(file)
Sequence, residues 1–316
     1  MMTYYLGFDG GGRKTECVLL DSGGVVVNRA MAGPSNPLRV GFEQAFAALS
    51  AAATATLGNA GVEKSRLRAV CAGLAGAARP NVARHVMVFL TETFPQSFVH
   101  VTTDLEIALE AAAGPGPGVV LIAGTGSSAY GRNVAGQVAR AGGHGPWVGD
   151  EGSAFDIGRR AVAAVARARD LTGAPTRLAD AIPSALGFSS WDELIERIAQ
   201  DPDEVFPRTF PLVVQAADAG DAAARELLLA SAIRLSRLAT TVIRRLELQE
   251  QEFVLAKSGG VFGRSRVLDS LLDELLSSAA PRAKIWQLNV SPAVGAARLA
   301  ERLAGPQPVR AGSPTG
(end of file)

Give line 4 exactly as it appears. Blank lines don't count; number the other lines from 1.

   101  VTTDLEIALE AAAGPGPGVV LIAGTGSSAY GRNVAGQVAR AGGHGPWVGD